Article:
God Didn’t Give Us Ten Commandments

Grace and peace, Saints.

For years, I had wanted to teach my children the Ten Commandments. I know that we are under grace and not under the law, but I thought that if my children could understand how difficult it is to keep the law, then perhaps they would have a greater appreciation for grace and for the blood of the Lord Jesus.

I always thought that the best way for them to learn would be “by the numbers,” learning each commandment by the order it appears in Exodus Chapter 20 (i.e. Commandment 1: “Thou shalt have no other gods before me, Commandment 2: “Thou shalt not make unto thyself any graven images, etc.), and had tried several times to make this happen. But every time we would start, I found myself unable to do it consistently, and would go weeks, months, and years without ding it. Eventually, we just left off doing it altogether.

This troubled me slightly because, though I do forget things from time to time, rarely do I forget to do something to the extent it never gets done—especially in matters of faith. At some point, I will get it done. Not so with the Ten Commandments; we never got around to learning them, and I could not understand why.

By the grace of God, However, today I learned what hindered me for almost a decade from learning the Ten Commandments and teaching them to my children: it was the Lord Jesus Himself. And the reason is simple: there are no Ten Commandments!

Turn with me, if you will, to Exodus Chapter 20, and let us discuss what we know as the Ten Commandments. Commandments. Only instead of considering each imperative as a separate commandment, as is commonly done, let us consider each contextual whole; for, in so doing you will see that there are not really ten commandments, but eleven.

First, it is generally accepted by Protestant theologians that verse 5 deals with idolatry:

Thou shalt not make unto thee any graven image, or any likeness of anything in heaven above, or in the earth beneath, or in the water under the earth.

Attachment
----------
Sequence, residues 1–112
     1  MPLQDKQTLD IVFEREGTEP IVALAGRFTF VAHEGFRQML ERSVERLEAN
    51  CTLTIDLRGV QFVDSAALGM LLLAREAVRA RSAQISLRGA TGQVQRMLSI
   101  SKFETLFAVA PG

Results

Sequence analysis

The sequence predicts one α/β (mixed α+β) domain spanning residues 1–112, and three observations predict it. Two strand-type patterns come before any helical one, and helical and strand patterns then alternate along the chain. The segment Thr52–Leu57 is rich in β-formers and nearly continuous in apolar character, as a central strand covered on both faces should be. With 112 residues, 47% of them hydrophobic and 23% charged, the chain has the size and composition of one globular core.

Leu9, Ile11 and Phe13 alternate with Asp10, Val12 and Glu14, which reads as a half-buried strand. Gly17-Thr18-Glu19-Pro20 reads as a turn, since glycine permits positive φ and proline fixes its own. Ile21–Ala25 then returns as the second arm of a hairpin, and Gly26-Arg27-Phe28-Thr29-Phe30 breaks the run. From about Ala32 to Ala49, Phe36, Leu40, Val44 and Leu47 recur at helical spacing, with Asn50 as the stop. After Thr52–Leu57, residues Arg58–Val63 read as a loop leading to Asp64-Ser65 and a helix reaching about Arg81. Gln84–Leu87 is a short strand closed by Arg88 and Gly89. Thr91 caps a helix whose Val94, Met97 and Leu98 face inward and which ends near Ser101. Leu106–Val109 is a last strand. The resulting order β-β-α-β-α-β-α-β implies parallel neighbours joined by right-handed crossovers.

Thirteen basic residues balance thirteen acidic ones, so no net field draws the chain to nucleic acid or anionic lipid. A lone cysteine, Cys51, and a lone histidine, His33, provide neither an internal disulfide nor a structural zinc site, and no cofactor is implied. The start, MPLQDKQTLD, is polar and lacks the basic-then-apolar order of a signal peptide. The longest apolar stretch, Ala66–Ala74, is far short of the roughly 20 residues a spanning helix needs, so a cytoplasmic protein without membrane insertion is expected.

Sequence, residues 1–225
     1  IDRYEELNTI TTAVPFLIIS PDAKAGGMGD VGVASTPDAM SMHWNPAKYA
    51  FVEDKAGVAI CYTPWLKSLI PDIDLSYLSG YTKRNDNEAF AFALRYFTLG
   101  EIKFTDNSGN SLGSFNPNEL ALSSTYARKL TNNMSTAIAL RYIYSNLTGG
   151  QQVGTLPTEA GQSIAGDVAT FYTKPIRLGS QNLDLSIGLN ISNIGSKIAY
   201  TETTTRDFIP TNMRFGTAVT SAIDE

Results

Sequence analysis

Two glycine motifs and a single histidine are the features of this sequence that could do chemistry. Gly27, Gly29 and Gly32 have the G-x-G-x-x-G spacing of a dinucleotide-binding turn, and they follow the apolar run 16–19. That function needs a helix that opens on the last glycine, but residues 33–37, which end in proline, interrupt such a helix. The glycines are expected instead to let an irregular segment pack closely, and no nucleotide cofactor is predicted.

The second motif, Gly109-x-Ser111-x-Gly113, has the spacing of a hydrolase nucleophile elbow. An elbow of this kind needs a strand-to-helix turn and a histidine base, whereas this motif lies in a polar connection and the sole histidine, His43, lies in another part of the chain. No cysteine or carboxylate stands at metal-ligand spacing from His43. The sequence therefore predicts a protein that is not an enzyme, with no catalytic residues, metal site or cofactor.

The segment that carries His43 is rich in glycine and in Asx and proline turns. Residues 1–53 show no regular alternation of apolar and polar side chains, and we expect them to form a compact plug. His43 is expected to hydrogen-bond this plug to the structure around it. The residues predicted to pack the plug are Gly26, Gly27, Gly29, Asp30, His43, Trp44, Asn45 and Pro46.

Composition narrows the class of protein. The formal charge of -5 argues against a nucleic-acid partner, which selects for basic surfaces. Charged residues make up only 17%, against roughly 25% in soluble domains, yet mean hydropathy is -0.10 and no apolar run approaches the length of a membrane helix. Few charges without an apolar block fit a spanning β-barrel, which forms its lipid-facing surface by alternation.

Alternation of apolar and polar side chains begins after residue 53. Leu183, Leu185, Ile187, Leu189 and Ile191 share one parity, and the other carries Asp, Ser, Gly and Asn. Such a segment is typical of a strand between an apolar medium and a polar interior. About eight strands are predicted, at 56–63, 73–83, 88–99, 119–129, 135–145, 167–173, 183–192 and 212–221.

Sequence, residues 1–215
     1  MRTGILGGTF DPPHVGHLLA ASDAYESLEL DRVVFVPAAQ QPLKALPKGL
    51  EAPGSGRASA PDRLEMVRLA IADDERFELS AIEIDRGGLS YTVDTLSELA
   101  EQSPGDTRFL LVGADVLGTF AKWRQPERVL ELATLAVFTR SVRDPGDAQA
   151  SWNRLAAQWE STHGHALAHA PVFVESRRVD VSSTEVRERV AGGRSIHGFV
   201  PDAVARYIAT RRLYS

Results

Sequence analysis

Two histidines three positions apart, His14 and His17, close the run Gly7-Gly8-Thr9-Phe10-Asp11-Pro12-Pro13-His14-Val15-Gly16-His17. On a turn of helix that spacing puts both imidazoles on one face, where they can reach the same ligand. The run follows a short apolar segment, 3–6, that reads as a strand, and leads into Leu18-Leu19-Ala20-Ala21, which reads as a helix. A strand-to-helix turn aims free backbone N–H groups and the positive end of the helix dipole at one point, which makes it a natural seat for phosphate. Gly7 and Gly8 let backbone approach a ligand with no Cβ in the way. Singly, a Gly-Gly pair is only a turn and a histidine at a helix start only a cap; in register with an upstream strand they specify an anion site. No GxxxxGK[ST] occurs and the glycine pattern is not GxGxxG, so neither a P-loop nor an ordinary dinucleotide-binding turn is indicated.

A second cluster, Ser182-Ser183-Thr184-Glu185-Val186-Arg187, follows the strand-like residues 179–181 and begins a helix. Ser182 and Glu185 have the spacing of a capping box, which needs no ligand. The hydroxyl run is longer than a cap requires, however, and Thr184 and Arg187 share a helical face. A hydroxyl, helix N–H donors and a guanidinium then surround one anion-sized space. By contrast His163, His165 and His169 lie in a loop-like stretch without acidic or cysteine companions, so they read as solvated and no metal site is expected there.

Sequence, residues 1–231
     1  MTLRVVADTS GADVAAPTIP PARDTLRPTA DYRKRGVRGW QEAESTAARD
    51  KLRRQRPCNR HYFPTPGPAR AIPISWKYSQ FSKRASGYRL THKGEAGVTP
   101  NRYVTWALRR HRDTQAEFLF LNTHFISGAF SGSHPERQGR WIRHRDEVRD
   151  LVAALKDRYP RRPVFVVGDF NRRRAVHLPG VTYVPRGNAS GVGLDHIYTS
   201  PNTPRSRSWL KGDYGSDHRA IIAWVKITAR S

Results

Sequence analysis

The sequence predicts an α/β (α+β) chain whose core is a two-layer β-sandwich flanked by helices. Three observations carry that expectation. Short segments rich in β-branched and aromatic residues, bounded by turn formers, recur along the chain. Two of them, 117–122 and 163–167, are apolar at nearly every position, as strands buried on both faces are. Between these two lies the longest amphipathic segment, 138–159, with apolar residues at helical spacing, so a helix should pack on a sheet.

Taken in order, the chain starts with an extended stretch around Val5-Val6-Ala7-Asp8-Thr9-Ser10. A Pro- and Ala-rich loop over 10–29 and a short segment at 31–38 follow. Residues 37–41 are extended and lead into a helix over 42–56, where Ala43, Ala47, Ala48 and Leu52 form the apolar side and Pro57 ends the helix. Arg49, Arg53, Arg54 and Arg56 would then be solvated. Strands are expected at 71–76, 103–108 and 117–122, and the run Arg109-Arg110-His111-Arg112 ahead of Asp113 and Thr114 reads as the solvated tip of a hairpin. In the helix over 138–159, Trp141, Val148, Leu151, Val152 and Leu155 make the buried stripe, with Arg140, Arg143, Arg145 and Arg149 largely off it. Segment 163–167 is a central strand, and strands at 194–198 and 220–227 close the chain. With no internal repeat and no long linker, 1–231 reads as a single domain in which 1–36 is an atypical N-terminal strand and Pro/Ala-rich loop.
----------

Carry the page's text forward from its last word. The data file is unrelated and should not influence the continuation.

“Thou shalt not bow down thyself to them, nor serve them…”

But if we consider the passage contextually, then we will see that verses three, four and five all deal collectively with idolatry.

Verse two defines idolatry as worshipping any god other than the Lord God:

Thou shalt have no other gods before me.”

While verses four and five expand the definition of idolatry to 1. making statues and images, and 2. worshipping statues and images.

“Thou shalt not make unto thee any graven image, or any likeness of anything in heaven above, or in the earth beneath, or in the water under the earth.

“Thou shalt not bow down thyself to them, nor serve them…”

Verses 3-5, therefore contain three commandments rather than two:

1. Thou shalt not worship any gods besides God.
2. Thou shalt not make statues or anything else in the likeness of birds, humans, animals, or marine creatures.
3. Thou shalt not worship statues or anything else in the likeness of birds, humans, or marine creatures.

It continues:

4. “Thou shalt not take the name of thy Lord in vain (v. 7).
5. “Remember the Sabbath day (v. 8).
6. “Honor thy father and thy mother.” (v. 12).
7. “Thou shalt not kill (v. 13).
8. “Thou shalt not commit adultery” (V. 14).